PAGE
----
1. MedFlow: Ophthalmology specific EMR that appears to be a very popular choice. They have taken a unique approach and have an open partnership relationship with multiple other technology companies, allowing integration of many excellent applications, such as an online registration company, DragonNaturally Speaking, and a PACS system for viewing HVF/OCT/Fundus pics etc. These guys are my number one pick right now, but I am still at the beginning of my search. On the academy newsletter, there is an article about a practice in Ashville, NC that has purchased this EMR and is very happy with it.
    here is a link: http://www.aao.org/aaoesite/bulletins/executive_200712.cfm?aaoecampid=eu5

    Here is a link to the company: http://www.medflow.net/

    2. NextGen: Very expensive, but a leader in the general medicine marketplace. Big company, likely to be able to adapt and not go belly up once you have learned and incorporated the system into your practice.
    Downside: looks very complicated, no DragonNaturally Speaking app.

    3. Compulink: Don't know much about them. Saw them at Academy this year and was fairly impressed. Screens are very busy though. From what I recall, they are pricey as well.

    4. Medinotes: Again, don't know much except that they are fairly popular, but again, they are a general med EMR that has incorporated ophthalmology.

    5. Maximeyes: Geared more for optometry, but will work with ophthalmology. If you have an optical shop, they supposedly have streamlined the payment process.

    6. MDTeknix: Impressed with their software, unimpressed by the small size of the company. I am somewhat afraid of them going out of business and being left with an EMR that is obsolete and unable to be upgrade or incorporated into a new system.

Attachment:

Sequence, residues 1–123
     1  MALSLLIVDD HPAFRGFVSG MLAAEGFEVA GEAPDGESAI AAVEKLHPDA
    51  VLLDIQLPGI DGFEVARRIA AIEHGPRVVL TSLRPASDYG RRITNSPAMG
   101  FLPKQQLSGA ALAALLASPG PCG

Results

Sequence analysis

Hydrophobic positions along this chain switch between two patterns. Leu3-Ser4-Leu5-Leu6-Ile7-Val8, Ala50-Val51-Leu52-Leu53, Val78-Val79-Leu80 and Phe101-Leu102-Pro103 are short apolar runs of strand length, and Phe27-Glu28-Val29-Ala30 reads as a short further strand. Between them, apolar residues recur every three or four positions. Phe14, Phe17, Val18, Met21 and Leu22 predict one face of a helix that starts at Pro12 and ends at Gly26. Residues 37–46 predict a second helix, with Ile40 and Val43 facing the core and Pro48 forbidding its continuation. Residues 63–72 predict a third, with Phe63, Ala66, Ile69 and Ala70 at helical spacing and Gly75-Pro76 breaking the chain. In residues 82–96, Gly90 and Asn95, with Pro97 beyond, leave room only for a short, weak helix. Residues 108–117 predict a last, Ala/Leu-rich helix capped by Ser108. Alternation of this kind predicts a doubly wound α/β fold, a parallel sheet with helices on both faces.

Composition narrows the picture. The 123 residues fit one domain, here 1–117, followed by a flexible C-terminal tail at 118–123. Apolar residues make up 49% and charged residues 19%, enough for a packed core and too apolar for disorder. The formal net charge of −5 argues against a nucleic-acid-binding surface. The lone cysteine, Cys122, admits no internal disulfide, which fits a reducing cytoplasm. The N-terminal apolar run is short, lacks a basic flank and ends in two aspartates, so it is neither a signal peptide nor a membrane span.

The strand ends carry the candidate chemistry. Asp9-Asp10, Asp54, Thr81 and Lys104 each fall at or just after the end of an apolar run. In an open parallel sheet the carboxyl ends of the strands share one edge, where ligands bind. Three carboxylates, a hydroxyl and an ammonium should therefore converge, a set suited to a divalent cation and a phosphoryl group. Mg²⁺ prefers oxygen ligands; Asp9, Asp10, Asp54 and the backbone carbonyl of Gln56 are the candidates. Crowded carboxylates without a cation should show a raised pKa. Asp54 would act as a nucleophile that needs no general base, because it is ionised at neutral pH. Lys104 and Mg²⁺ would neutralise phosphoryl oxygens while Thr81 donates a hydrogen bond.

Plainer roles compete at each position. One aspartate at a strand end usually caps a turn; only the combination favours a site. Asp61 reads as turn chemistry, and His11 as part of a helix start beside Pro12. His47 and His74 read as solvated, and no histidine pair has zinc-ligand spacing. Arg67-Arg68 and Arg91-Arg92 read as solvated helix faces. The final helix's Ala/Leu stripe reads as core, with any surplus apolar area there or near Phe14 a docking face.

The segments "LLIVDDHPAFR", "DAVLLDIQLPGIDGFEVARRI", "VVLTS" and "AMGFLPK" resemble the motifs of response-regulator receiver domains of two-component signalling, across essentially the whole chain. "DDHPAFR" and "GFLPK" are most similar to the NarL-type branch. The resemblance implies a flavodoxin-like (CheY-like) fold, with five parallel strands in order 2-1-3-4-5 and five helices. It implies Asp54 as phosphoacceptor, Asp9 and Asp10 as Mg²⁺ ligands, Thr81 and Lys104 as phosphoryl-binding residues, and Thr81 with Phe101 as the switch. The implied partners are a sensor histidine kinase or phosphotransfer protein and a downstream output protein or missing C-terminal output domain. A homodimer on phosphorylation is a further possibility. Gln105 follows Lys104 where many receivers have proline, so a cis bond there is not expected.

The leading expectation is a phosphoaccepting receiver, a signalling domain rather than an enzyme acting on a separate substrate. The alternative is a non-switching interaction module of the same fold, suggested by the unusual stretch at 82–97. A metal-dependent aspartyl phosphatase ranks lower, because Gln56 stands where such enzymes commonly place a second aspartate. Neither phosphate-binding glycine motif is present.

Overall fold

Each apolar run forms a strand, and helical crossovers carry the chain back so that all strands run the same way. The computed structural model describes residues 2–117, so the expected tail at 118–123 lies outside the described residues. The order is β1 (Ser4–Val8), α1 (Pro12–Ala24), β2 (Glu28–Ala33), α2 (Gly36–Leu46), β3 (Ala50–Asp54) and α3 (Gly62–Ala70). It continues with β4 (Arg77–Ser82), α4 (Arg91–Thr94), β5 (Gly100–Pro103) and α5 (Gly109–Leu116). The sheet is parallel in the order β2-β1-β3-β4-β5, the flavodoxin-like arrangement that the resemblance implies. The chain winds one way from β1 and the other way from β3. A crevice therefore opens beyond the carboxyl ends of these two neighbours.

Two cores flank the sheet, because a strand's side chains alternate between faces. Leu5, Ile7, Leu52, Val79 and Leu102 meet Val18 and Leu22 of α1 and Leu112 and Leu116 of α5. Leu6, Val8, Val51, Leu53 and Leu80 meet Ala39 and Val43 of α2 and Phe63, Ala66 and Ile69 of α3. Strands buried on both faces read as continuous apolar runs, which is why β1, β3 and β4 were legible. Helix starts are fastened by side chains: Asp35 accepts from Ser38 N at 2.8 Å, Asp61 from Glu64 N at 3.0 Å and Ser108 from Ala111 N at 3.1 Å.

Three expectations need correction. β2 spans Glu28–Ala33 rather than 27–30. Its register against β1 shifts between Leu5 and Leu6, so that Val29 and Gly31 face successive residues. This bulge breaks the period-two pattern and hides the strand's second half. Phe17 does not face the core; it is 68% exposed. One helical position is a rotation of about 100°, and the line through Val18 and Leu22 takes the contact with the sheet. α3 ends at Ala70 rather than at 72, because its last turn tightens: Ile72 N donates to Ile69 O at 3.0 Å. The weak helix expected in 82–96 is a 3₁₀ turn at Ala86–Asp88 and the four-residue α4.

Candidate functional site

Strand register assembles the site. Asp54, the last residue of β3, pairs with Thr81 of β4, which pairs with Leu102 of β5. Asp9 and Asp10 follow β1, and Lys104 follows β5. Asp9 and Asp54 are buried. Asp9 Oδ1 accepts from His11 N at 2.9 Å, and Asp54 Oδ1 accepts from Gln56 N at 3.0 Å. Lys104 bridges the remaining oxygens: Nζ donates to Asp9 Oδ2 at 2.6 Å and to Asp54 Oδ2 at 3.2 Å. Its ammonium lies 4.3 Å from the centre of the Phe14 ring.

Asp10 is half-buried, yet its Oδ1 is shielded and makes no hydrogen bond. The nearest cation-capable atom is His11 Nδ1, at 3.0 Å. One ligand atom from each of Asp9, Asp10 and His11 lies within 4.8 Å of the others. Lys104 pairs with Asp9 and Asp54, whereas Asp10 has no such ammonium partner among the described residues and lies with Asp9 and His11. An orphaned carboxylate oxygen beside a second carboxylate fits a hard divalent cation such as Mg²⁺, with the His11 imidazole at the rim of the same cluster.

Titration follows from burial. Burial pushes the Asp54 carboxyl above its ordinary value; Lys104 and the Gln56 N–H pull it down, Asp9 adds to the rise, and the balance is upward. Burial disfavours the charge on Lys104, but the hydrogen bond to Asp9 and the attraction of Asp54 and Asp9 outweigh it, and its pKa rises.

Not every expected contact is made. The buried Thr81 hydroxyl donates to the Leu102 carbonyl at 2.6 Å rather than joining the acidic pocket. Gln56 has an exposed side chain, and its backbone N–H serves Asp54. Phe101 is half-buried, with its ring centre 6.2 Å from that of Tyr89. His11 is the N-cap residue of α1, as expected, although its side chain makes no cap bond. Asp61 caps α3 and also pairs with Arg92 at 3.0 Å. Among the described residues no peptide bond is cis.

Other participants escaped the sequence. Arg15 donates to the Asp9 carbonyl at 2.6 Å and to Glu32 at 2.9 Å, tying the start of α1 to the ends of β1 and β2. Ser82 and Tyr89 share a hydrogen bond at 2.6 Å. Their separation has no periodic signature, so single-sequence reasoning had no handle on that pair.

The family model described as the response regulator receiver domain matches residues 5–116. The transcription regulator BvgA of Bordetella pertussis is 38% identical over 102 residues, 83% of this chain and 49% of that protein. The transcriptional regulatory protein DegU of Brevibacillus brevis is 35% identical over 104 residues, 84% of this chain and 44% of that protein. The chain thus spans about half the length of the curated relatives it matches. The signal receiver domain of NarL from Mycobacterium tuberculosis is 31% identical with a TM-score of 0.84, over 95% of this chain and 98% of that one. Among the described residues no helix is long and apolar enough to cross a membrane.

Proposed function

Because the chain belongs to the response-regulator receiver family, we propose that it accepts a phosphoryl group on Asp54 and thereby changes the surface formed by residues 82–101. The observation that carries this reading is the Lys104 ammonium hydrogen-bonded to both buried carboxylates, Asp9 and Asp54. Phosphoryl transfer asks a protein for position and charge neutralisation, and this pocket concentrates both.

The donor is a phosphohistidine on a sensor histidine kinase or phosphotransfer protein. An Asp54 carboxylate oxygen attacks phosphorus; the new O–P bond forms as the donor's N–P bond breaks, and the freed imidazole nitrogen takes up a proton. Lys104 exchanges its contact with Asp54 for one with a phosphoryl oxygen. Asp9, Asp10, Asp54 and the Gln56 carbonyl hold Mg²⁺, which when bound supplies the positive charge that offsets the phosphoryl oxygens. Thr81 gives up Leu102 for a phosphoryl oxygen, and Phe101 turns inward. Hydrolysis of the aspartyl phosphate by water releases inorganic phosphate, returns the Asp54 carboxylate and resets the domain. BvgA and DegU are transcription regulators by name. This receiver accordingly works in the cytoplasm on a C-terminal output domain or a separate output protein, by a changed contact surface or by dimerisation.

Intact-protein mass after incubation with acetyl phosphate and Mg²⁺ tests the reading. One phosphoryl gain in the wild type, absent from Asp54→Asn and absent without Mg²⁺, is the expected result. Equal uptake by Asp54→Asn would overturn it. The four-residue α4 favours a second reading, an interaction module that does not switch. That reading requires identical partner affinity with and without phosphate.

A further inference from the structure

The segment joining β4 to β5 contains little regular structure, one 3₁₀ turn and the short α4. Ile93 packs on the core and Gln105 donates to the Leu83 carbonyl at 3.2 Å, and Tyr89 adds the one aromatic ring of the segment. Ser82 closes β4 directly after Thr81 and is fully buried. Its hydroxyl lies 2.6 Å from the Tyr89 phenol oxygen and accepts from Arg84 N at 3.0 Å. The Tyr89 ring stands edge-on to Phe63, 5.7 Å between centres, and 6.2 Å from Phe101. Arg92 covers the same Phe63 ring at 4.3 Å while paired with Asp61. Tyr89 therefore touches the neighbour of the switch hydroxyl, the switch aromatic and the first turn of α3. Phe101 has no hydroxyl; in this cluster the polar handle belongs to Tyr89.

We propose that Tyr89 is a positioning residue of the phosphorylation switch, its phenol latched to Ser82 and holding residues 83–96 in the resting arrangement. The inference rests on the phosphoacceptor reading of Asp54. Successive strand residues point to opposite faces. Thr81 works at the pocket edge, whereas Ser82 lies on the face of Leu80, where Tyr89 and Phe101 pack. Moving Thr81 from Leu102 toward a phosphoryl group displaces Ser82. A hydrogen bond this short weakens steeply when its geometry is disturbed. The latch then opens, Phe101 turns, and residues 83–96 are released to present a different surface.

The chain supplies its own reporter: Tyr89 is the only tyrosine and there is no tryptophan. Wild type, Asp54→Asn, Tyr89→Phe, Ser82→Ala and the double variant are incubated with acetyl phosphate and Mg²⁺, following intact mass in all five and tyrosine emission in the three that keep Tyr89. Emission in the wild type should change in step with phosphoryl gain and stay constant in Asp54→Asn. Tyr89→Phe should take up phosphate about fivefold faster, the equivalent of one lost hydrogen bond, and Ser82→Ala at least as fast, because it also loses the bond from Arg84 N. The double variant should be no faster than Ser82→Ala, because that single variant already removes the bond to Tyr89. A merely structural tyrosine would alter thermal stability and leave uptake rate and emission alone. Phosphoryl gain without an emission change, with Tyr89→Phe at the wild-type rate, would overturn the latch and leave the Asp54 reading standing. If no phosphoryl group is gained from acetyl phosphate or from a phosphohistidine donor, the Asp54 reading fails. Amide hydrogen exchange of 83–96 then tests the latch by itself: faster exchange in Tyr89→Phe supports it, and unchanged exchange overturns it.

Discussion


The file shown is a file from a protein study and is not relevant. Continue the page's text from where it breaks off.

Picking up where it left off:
7. justadude

    justadude Dormant before, now awake

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    idoc, thank you for your posts. I am thinking of going solo and using EMR from the start. Any thoughts since your last post?
  8. Office

    Office

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    Dude, turn on your e-mail or PM and I'll send you a message.

    Top left (My Account) then "edit options" (on the left under settings and options)
  9. physbillercoder

    physbillercoder

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    I work for a small EMR company and I would say that would be the way to go. I am not just saying that because I work for one, however, I am saying so because you are just starting out. I have seen offices blow $50,000 dollars on a system and then wonder where the money has gone. You are already going to have a huge overhead and no Money coming in yet for at least 30 days. You are going to need all your credentialing done for all the payers, as well which can take more than 30 days. However, the hospital you affiliate with maybe able to help you with some of it. Also, be sure to ask the right questions. Especially, if you are going with an EMR outside your state. Ask them how long will it take to get your server and make sure you coordinate this with your IT person. Also, training is a huge issue. Remember, it's not how long someone gets trained but the quality of the training. Will someone come out to train or will you get a CD in the mail? And you do want your EMR to be user friendly. Anything you may skip or missed in training needs to be easy to pick up by surfing within the system. Also, are you looking to log into the system remotely. Is this easy to do? There are so many questions to ask but I think you have the right idea in starting out small. Then when you have gotten some money coming in, then you could think about switching to something bigger. Sorry, didn't meant to give a lecture...cheesh.